One of the proposed Republican amendments states that 20.003(4m) would not apply to the 2013-2015 budget, where the estimated general fund expenditures exceed estimated revenues by $296 million in 2014-2015.

If we are serious about balancing budgets and avoiding structural deficits (which we should be!) let’s not exempt the $68 billion state budget from a state statute that helps Wisconsin balance budgets and avoid structural deficits.


Melissa Sargent – 

Today as the WI Assembly begins to debate the state budget I will remember each of the people I met as I ran for office – I will remember the very intimate conversations and life stories that we shared –

Healthcare for all

Quality public education at all levels

Protecting our environment and natural resources

Fair and balanced taxes

If we do this the jobs will come!



A bit of GOOD news!


Cory Mason – 

GOP removes controversial expansion of vouchers in Racine from their omnibus amendment.


Melissa Sargent – 

Changes to the Republican backroom budget amendment from last night into this morning:

The amendment no longer includes the Racine voucher provision, and additional efforts to expand and fund more vouchers, as well as the managed forest provision (meant to keep the public away from the mining site).



Keep watching, Wisconsinites. And remember this sneaky bullshit in 2014. Never forget.



Wisconsin Assembly Democrats Rock


Today I spent hours and hours watching or listening to the Wisconsin Assembly floor session. They are working on the ‘budget’. Yet the entire day was made up of abortion legislation; bills mandating ultrasounds (and yes, transvaginal ones) for any woman opting for an abortion. I have never been so anxious watching Wiseye. Never.  However, as upsetting as this circus has been, there has also been something wonderful to witness.

On February 21, 2011, I was sitting in Senator Wirch’s office as everyone began to wonder where the Democratic Senators were. They were not in session and therefore quorum was not met as the infamous anti-labor bill was about to be passed. When I finally heard that they “left”, my heart swelled with pride. That was the first time I ever really felt a sense of pride for a group of politicians.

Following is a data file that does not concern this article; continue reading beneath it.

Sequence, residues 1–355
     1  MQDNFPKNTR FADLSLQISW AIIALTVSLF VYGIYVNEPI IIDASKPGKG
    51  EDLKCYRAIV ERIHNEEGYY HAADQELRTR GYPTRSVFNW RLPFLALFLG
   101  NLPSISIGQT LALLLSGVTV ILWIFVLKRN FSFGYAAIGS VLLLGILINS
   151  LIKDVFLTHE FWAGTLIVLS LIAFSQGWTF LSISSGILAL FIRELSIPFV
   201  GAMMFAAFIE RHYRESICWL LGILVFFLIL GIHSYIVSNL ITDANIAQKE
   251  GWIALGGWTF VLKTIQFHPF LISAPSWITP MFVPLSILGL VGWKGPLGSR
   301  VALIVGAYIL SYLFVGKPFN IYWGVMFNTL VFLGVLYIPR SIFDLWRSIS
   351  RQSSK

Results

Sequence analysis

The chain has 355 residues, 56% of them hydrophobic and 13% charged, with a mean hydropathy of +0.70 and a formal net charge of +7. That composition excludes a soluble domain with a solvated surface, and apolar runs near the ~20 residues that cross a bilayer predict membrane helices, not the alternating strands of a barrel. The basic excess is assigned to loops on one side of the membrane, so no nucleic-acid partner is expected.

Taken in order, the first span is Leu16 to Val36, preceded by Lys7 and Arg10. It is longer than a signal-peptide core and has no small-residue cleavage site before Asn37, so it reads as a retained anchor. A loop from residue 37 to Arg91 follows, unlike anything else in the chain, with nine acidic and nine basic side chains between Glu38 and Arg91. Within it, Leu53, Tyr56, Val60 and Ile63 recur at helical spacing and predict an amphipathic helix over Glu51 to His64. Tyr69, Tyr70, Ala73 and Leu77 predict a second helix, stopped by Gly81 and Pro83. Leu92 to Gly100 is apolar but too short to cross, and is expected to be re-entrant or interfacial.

Today, I felt that pride once again and even to a heightened degree. Our Wisconsin Assembly Democrats have represented the citizens of Wisconsin in thee most eloquent, insightful, compassionate way I have ever witnessed.

Representatives shared extremely personal stories and exhumed painful memories for the sake of their constituents. They told stories of miscarriages, rape and pregnancy complications. With tears in their eyes and a fight in their soul, they fought a losing battle in the best possible way.

The courage of Representative Mandy Wright left anyone who was watching breathless with her traumatic recount of rape. She spoke so strongly through such emotion. Quite inspiring.

Representative Sondy Pope described the choice that was made when her husband began hospice and a DNR was chosen. Life is filled with difficult decisions most of us never consider or plan.

“Women don’t want to grow up and have abortions,” she stated firmly.

Representative Hesselbein. Just wow. She explained what it is like to lose a child and how an ultrasound during that time would have been even more devastating. Just heartbreaking and so meaningful.

“Children don’t stop being children when they’re born. Children don’t stop being children when they’re poor,” a statement made by Representative Johnson really stuck with me.

And Representative Shankland said it too well, “Instead of having women at the table, you have us on the menu!”